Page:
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The North Carolina coast has vast expanses of tidal marsh associated with barrier islands, sounds, and lower river systems. On the northern coast in Currituck Sound, the marsh is brackish and is a haven for typical marsh birds such as rails and Marsh Wrens, but it is most well known for wintering waterfowl that once numbered in the hundreds of thousands. Far fewer waterfowl winter on Currituck Sound today, but the Sound and its marshes remain important for ducks, geese, and swans. The marshes of the Cedar Island peninsula, separating Pamlico Sound and Core Sound, support North Carolina's largest population of elusive Black Rails and nesting Seaside Sparrows, among others. On the southern coast, extensive saltmarshes and tidal creeks, flushed twice daily by tides, are important for birds such as rails, wading birds, shorebirds, waterfowl, and marsh sparrows.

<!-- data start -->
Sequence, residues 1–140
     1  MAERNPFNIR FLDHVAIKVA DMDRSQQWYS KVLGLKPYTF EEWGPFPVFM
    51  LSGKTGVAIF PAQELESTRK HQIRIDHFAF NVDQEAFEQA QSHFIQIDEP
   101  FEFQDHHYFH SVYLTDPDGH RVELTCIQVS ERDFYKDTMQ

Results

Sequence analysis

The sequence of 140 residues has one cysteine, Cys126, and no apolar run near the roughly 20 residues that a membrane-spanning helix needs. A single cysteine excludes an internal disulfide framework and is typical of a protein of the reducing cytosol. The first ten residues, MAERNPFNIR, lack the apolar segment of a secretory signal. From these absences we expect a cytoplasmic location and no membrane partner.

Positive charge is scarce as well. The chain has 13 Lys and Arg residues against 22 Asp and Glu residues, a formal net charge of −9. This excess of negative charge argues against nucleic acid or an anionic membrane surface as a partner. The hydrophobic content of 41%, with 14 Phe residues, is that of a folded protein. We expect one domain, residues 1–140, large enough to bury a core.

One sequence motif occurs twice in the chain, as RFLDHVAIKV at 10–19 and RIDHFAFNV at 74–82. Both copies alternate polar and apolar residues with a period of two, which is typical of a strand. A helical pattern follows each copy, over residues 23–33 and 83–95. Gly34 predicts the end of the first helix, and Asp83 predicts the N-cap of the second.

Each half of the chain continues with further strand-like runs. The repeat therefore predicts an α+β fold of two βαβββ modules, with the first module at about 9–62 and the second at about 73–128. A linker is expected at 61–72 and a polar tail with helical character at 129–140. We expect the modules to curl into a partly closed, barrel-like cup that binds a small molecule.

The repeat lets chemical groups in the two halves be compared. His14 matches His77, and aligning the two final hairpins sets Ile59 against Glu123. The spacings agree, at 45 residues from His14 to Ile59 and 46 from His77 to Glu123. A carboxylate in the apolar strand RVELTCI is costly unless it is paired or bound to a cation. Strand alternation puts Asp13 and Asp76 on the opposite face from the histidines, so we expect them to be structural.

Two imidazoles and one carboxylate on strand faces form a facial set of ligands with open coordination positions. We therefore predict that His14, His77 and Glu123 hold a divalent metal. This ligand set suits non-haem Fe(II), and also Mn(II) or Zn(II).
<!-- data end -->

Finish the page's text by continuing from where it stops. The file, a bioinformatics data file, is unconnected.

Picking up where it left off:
Download the Coastal Region from the 2011 eBook